Arunachal Pradesh CM Pema Khandu too expressed concern as the state is expecting around 18000 stranded people and Arunachal has only one Covid-19 testing laboratory in Tomo Riba Institute of Health and Medical Sciences (TRIMHS) at Naharlagun with a daily capacity of around 70. The state which is completely dependent on neighbouring state Assam to test more swab samples has sought the Centre’s support in procuring an Indian Council of Medical Research (ICMR)-approved TrueNat machine for conducting “faster and effective tests amid a rise in interstate travellers entering Arunachal Pradesh”. Considering the seriousness of the situation, CM Khandu has categorically said that to avoid the rush at screening and quarantine facilities, stranded people will be brought back in a staggered manner to the state.

To ease the burden of conducting tests the state is working on setting up another laboratory in the eastern part of the state by the end of May in the Naharlagun facility.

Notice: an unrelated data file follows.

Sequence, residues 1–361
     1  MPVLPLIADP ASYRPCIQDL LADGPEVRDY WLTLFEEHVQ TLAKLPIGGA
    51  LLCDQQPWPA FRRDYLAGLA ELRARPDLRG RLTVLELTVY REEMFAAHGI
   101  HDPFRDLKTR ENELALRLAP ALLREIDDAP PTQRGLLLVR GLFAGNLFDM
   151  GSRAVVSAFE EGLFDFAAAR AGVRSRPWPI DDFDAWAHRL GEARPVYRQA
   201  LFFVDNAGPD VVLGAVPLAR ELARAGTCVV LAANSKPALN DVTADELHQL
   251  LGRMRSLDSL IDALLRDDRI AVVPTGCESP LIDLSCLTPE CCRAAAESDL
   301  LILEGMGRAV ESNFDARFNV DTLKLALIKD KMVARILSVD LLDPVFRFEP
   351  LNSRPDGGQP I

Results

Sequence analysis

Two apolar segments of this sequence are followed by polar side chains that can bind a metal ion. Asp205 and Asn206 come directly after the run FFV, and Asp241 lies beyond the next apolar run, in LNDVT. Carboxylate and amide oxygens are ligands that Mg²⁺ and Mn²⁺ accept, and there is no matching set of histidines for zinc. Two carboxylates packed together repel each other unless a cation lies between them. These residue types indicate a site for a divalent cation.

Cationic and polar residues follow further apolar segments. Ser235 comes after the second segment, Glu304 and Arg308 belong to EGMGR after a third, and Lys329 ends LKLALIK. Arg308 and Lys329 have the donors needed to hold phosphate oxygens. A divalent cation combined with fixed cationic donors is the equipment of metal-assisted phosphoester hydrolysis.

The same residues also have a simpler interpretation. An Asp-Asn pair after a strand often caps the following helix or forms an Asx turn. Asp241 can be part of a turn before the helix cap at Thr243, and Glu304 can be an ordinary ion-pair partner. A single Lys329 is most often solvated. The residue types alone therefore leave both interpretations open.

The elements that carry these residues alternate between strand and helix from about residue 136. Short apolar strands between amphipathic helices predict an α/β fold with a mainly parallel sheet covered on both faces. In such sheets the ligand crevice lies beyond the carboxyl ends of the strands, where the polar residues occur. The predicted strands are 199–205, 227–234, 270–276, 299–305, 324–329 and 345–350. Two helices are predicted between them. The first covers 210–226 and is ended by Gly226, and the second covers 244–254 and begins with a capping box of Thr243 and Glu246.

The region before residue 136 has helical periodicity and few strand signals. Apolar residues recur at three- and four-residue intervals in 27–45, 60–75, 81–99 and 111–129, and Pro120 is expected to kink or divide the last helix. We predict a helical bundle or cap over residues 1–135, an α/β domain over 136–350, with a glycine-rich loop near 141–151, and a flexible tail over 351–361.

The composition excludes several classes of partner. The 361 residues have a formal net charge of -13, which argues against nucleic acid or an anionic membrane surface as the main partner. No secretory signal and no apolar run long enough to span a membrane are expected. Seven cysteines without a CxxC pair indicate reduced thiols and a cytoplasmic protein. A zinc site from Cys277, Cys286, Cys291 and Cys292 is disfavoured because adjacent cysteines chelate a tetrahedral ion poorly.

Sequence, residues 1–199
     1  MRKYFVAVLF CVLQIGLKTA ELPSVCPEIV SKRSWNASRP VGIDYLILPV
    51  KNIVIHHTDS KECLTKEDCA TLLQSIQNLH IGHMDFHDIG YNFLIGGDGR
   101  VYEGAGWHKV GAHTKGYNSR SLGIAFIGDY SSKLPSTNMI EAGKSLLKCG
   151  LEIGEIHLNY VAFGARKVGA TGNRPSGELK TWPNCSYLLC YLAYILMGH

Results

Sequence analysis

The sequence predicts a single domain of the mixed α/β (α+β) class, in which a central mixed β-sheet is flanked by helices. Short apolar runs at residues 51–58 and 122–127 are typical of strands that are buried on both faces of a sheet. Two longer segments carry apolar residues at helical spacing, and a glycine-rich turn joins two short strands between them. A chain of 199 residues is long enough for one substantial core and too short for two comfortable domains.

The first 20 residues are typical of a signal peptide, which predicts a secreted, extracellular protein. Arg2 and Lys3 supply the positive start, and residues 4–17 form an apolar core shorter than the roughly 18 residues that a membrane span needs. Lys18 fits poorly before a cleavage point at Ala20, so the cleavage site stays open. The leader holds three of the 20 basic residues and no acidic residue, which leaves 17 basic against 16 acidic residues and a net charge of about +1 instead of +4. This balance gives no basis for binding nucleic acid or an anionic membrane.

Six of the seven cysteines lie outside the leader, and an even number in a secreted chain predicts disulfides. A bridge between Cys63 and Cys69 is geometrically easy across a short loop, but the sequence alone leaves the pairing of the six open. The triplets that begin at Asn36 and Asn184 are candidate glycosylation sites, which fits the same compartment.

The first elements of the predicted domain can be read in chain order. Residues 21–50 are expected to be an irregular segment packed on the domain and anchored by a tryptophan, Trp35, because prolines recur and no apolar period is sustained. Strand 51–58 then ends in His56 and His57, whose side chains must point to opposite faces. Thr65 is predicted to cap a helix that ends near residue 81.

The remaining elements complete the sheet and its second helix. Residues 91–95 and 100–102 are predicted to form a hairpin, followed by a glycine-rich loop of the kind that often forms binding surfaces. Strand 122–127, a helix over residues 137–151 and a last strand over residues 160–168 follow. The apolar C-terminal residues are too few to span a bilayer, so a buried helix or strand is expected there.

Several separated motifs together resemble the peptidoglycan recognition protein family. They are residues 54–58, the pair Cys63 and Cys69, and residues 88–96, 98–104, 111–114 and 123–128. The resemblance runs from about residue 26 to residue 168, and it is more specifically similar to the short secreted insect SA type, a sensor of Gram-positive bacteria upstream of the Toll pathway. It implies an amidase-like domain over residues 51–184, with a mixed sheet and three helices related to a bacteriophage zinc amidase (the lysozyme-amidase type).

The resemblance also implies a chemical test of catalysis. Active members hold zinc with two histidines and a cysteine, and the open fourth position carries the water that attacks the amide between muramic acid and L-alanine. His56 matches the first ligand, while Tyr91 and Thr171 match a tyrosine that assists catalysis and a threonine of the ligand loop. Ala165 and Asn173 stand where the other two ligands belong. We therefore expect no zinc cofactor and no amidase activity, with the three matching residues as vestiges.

The Arunachal Pradesh government has earlier appointed 17 nodal officers to facilitate the movement of stranded people across the country.

Mizoram is already facing inconvenience as more than 150 people reportedly returned to the state on their own without informing the authorities during an exercise to bring back nearly 700 stranded residents from Assam, Meghalaya, Manipur & Tripura. The Mizoram government lately formed a task force which vouched for an extension of lockdown till May 31 to check the spread of coronavirus infection.

In case of Nagaland, the state has inadequate quarantine facilities and no COVID-19 testing centre, as such the government came up with a decision to provide one-time assistance of Rs 10000 each to migrants stranded in other states if they choose not to return at the moment.